The FBI was undoubtedly biased (and perhaps incompetent) here, but it should have been possible to persuade a fair-minded jury that Sussmann’s lie didn’t have some influence. But was this a fair-minded jury? There is sickening evidence that the presiding federal judge, Christopher Cooper, seated a jury he knew would strongly favor Sussmann, not because they liked Sussmann but because he represented Hillary Clinton and opposed Donald Trump. How did Judge Cooper tilt the scales of justice? By improperly seating three jurors who donated to the very candidate Sussmann was trying to help. Those jurors said they could be fair, but there is no way they should have been seated. Special Counsel John Durham’s team argued they should be excluded for “cause.” Durham was right; Cooper was wrong, and the only way to explain his decision is his own political bias.
This whole case was about a lie that was meant to help Hillary Clinton and hurt Donald Trump. That means there was a partisan political element at the very heart of the case. That would pose an uphill battle for Durham in any case since the trial was held in Washington, DC, where Trump received almost no votes. He is reviled there. Knowing that, the judge should have leaned over backwards to make sure the jury wasn’t overtly partisan. He did the opposite, and that’s unconscionable. He not only seated three donors to Clinton, he seated another who donated to Alexandria Ocasio-Cortez. AOC may not have been a friend of Hillary’s but she was even more staunchly opposed to Trump. All four of those potential jurors should have been excluded.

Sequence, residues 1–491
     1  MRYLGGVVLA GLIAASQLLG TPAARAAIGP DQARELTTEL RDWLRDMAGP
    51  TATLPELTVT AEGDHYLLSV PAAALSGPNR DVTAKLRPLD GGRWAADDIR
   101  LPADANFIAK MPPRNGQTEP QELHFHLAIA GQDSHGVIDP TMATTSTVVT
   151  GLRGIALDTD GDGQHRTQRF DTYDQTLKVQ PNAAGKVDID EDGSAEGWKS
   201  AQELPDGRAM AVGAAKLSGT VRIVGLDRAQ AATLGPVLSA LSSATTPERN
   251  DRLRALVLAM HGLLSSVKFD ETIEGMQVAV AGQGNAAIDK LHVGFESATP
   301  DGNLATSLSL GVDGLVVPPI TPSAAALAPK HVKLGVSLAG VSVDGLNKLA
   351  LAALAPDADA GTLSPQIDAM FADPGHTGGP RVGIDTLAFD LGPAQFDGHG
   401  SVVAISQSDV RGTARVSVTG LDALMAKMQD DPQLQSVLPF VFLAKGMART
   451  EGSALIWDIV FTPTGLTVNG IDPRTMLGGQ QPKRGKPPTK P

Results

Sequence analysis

The stench surrounding the judge, the defendant, the biased jury, and the FBI ought to outrage the public, no matter who they supported for president. In fact, the public has been kept in the dark throughout the trial because the media refuses to report on it. (Expect them to now shout the “not guilty” verdict from the rooftops because it supports their viewpoint.) When James Baker gave his devastating testimony, all three television networks devoted zero minutes to the trial. The New York Times said nothing. They did the same thing the next day, when Hillary Clinton’s campaign manager dropped the bombshell in court that Hillary herself authorized the campaign to spread the Alfa-Bank-Trump story to the media. Again, crickets.
That media silence is an outrage all its own. Durham’s team presented evidence of a massive, well-coordinated, and illegal dirty trick, concocted by the Clinton campaign, fed into the FBI, and promulgated by a credulous, partisan media, eager to report that the FBI was “investigating the Trump-Russian connection.” Actually, there were at least two prongs to Hillary’s dirty tricks. The second was the Steele Dossier. As false as the Alfa-Bank story, it, too, was pitched to the FBI, Department of Justice, State Department and, of course, the friendly media. The goal was to smear Trump before the 2016 election and, after his unexpected victory, to prevent him from governing.
Despite Sussmann’s not-guilty verdict, his trial revealed the rank odor of Washington politics. It suffuses our courts, our law enforcement bureaucracy, and the mainstream media. It reeks of insider dealing and extreme partisan bias. That stench should alarm anyone concerned about America’s ability to govern itself democratically. That governance requires trust in our institutions, including confidence our courts can resolve legal issues with fairness and integrity. Who could look at the Sussmann Affair and retain that confidence?